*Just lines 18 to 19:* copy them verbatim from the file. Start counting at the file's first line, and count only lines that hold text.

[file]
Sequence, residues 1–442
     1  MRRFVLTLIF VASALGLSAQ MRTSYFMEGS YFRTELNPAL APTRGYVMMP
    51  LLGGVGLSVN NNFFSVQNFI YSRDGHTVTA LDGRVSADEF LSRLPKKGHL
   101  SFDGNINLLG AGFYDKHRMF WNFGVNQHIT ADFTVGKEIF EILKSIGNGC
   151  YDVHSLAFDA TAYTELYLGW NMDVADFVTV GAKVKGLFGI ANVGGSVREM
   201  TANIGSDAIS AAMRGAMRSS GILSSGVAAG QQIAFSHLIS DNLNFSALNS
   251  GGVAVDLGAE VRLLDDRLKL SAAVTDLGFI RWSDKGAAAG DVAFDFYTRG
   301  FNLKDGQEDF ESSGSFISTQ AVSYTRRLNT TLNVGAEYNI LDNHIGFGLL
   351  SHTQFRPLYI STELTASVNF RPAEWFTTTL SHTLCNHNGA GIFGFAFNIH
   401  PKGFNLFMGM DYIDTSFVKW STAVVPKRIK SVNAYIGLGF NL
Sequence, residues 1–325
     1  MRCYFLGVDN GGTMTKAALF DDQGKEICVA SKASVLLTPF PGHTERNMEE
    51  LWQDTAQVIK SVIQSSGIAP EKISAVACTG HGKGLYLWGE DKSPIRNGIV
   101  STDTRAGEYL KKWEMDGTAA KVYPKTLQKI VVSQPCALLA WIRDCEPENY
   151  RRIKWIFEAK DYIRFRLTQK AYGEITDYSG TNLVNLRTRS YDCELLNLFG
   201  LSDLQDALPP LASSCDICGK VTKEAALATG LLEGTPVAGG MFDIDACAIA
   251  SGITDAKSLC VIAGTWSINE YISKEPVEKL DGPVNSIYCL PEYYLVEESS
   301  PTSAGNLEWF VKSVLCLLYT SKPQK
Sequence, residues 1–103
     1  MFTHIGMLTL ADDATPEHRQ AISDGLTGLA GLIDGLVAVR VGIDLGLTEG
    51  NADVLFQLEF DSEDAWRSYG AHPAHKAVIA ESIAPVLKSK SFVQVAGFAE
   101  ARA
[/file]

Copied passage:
   301  PTSAGNLEWF VKSVLCLLYT SKPQK
Sequence, residues 1–103